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Love it or loathe it, you just can't get away from the fact that maths matters, yet many people have a ‘difficulty’ with maths – hated it at school, couldn’t see the point – and, like all skills, it is a matter of use it or lose it.

Few adults practise the maths of fractions or algebra after leaving school; indeed, a study found that just under a quarter of 35 year olds had such low numeracy skills that completing everyday tasks successfully would be difficult.

However, dyscalculia is more than just a difficulty with learning maths skills as Dr Steve Chinn explains.

Defining dyscalculia

Very little is known about the prevalence of dyscalculia, its causes or treatment. There isn't a single reason why many people fail to master maths, and academic consensus suggests that, despite some shocking levels of numeracy, only three to six per cent of pupils are dyscalculic.

This specific learning difficulty is only just becoming recognised in mainstream education, perhaps as a result of the continuing bad press for GCSE maths.

The DfE website does not currently have any results for dyscalculia, but the American Psychiatric Assocation describes it thus:

Developmental Dyscalculia (DD) is a specific learning disorder that is characterised by impairments in learning basic arithmetic facts, processing numerical magnitude and performing accurate and fluent calculations. These difficulties must be quantifiably below what is expected for an individual’s chronological age, and must not be caused by poor educational or daily activities or by intellectual impairments.

So, dyscalculia could be described as a difficulty in the brain with the whole concept of numbers and how they relate to one another. At its extreme, acalculia, it means an inability even to count.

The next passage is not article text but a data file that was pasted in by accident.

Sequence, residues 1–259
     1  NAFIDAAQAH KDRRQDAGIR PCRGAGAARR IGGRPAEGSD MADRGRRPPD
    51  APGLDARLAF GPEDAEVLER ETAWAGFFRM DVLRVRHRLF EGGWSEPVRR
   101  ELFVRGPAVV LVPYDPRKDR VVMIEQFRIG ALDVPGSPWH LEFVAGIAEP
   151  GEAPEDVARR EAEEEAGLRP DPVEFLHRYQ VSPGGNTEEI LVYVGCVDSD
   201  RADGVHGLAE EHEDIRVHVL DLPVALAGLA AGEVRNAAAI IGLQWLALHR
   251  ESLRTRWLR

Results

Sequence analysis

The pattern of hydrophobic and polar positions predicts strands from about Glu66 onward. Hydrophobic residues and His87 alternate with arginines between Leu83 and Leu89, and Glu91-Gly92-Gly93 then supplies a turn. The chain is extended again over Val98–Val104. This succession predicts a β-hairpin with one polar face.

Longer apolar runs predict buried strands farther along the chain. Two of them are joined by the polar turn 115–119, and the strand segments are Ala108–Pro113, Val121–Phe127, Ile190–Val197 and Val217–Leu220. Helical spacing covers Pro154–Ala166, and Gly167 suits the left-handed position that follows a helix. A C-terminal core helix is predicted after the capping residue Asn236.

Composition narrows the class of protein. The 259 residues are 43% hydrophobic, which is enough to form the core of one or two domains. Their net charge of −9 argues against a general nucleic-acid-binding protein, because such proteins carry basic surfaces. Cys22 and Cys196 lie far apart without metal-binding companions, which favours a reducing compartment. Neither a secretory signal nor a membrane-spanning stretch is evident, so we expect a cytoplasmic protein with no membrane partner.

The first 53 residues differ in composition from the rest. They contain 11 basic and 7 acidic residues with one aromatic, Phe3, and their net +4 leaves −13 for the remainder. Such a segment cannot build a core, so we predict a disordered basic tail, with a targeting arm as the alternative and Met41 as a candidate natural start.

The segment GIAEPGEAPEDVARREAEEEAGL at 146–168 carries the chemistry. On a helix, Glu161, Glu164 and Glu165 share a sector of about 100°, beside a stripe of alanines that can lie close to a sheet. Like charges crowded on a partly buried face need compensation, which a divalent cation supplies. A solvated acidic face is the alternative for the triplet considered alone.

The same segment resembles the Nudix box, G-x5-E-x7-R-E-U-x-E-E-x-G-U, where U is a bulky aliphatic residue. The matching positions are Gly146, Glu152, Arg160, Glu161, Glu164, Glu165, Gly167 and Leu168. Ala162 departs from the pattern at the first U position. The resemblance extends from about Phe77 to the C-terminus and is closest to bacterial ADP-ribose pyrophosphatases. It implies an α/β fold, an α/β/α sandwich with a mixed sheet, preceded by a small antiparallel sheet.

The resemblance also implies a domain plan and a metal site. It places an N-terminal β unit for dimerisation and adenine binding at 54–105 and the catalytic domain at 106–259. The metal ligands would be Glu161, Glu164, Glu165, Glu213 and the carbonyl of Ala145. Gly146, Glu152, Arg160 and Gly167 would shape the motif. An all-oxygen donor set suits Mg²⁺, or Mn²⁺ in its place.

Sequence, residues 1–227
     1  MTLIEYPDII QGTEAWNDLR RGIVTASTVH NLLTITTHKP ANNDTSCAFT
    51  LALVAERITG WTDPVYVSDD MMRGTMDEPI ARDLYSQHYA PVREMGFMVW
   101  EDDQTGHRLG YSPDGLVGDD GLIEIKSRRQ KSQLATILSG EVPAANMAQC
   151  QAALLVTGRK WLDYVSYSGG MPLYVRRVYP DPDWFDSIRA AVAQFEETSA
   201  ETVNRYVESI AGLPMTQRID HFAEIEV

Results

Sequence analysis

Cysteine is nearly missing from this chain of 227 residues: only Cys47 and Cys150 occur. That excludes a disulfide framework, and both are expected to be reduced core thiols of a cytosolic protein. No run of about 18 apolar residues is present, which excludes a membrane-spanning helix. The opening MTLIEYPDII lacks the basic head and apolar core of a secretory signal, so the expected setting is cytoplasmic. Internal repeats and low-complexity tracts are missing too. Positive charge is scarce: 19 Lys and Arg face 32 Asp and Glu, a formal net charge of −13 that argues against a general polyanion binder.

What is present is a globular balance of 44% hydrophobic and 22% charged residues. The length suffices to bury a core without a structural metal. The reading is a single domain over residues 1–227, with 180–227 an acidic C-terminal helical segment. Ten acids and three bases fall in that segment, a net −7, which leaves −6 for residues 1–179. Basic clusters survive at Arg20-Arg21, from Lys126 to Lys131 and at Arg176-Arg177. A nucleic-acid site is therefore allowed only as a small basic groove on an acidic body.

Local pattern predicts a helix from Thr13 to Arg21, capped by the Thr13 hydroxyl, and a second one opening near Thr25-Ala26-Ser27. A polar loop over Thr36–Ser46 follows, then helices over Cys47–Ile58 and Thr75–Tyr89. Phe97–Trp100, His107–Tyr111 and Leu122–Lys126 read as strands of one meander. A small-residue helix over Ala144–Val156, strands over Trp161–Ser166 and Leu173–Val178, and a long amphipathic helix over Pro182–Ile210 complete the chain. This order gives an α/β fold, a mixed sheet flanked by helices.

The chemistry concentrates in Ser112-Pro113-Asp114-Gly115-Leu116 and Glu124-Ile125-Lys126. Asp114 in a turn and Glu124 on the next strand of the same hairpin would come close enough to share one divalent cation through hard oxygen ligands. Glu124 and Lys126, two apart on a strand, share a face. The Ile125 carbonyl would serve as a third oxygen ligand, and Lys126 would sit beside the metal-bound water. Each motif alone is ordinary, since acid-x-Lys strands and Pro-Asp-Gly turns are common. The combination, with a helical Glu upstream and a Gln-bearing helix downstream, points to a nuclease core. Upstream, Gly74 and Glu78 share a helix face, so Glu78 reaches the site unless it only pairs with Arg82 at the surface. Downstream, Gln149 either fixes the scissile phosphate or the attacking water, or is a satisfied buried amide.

Firm foundations

Early maths is mostly numbers. Later topics such as measure, algebra, data handling and spatial topics appear on the scene, but up to GCSE the major component remains number, especially for the less able in maths. So a weakness in number skills will be the most significant handicap to learning ‘school’ maths.

Maths can be concrete, but fairly quickly moves to the abstract and symbolic (perhaps too quickly?)

Many children experience difficulty because they rely on memory – trying to learn rules and answers by rote rather than investigating and understanding how the numbers are working in relation to each other. Even more fundamentally, maths is a ‘building’ subject, and new information will never make sense unless all the foundation blocks are firmly fixed.

Perhaps in part because some teachers, particularly in primary schools, are not sufficiently skilled to develop this aspect of maths and mathematical thought, foundation blocks often get missed. Gaps in knowledge affect ability in maths in a basic way quite different from, say, history or geography, and if pupils who are slow processors do not grasp every principle before moving on, the whole subject quickly becomes ridden with anxiety and negative attitudes.

Telling times....

An inability with numbers is also a handicap in real life.

Everyday maths include a lot of money, measurement, some time and the occasional percentages.

Paying for a family meal in a restaurant, for instance, requires estimation skills, possibly accurate addition skills, subtraction skills if using cash, and percentage skills for the tip. Not being able to tell if you have been short-changed, or work out how long a train journey is or whether your bank balance is enough to pay the bills puts you at a constant disadvantage.

The demands maths makes on children are varied, sequential and developmental, so gaps in learning can be very damaging and cumulative.

Poor or weak foundations and the whole shakes, even collapses. Basic skills could include good short-term and working memory, vital for mental arithmetic, particularly for those maths thinkers who are very sequential in their thinking processes. And, of course, there is also a need for long-term, mathematical memory.

Spotting problems early on

An early indicator of difficulty in maths is the persistent use of counting in ones rather than developing a recall of basic facts and relationships between numbers.

The first number test on the Butterworth Dyscalculia Screener is for subitising – that is, looking for a sense of what numbers are worth by testing the ability to look at a random cluster of dots and know how many there are without counting.